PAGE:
The latest research from the project includes responses from 579 ordained clergy and 113 people training for ordained ministry in the Church of England.

The quantitative study includes research into physical and mental, relational, financial and material and spiritual and vocational well-being as well as responses to questions about ministerial effectiveness.

The Rt Revd Dr Chris Goldsmith, Director of the Ministry Division of the Church of England said: “This 10-year programme is providing valuable long-term insights into the experiences of our ordained clergy from initial training and curacy and throughout ministry.

“The findings will help inform the dioceses and theological education colleges and courses in their vital work in the selection, formation and long-term support of ordained clergy.”

Dr Liz Graveling, who is overseeing the research programme for the Ministry Division, said: “I’m pleased to release this next stage of the Living Ministry research, which has allowed us to look in more depth at specific areas of clergy flourishing and start to build up a picture over time. As we follow our participants into the next chapter of their ministry, we are continuing to explore some of these themes in the ongoing qualitative work, which is due to report next year.”

Further information:

Living Ministry was set up in 2016 by the Church of England with the aim of helping support the dioceses, theological education institutions and national church in the selection, training and long-term support of clergy.

Living Ministry is a mixed-methods, longitudinal study. This report presents the findings of Wave 2 of the panel survey, which took place in early 2019. The survey built on the exploration of clergy wellbeing in Wave 1 (2017) by both monitoring this and including questions on ministerial effectiveness.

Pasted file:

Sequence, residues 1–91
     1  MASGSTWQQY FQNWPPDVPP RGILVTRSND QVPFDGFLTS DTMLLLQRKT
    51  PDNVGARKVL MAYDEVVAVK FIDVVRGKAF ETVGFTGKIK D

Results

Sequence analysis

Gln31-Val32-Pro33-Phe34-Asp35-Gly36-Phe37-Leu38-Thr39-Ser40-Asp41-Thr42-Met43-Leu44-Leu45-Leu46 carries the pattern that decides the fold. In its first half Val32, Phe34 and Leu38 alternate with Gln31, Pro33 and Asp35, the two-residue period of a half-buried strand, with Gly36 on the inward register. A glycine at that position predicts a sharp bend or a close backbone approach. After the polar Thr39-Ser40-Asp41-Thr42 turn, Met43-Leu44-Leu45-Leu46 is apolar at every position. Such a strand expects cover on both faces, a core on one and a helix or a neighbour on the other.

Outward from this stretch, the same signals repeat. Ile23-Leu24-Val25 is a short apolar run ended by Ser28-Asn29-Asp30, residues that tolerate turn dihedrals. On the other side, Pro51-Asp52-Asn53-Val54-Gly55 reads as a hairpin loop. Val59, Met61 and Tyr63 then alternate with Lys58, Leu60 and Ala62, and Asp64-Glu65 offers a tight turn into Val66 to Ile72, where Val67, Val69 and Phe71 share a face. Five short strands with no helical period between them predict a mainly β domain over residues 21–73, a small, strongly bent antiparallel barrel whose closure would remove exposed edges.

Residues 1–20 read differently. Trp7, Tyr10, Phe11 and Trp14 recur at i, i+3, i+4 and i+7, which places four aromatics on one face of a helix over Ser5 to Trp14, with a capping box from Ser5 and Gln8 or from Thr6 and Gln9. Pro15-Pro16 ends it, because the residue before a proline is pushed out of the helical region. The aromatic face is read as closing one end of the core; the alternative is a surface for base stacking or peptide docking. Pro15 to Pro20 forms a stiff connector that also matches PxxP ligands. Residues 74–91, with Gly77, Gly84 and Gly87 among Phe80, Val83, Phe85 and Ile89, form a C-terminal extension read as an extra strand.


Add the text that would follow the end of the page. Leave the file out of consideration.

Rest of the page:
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Sophie Jelley to be next Bishop of Doncaster

Press release from Number 10

Suffragan Bishop of Doncaster: 2 December 2019

The Queen has approved the nomination of the Reverend Canon Sophie Rebecca Jelley, Mphil, BA to the Suffragan See of Doncaster, in the Diocese of Sheffield.

Published 2 December 2019

From: Prime Minister’s Office, 10 Downing Street

The Queen has approved the nomination of the Reverend Canon Sophie Rebecca Jelley, Mphil, BA, Residentiary Canon at Durham Cathedral, in the Diocese of Durham, to the Suffragan See of Doncaster, in the Diocese of Sheffield, in succession to the Right Reverend Peter Burrows following his resignation on 30th September 2019.

Sophie was educated at the University of Leeds and trained for ministry at Wycliffe Hall, Oxford. She served her title at St Peter’s Shipley in the Diocese of Bradford and was ordained priest in 1998. Sophie took up the role of Mission Partner with the Church Mission Society in Uganda in 2000 and returned to the UK in 2003 to take up the role of Resident Minister of St John the Evangelist, Church in the Diocese of Guildford. In 2010 Sophie was appointed Vicar, St Andrew’s Burgess Hill in the Diocese of Chichester and in 2013 she took up the additional role of Assistant Diocesan Director of Ordinands.

In 2015, Sophie was appointed to her current role as Canon Missioner and Diocesan Director of Mission, Discipleship and Ministry in the Diocese of Durham.

Sophie is married to Chris, a technology consultant, and they have three teenage children. Sophie is a keen runner and musician.

There are more details on the Sheffield diocesan website.

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CofE publishes Charter for Relationships, Sex & Health Education

From a Church of England press release:

The Church of England has published a Charter and resources to support schools in delivering Relationships, Sex and Health Education (RSHE).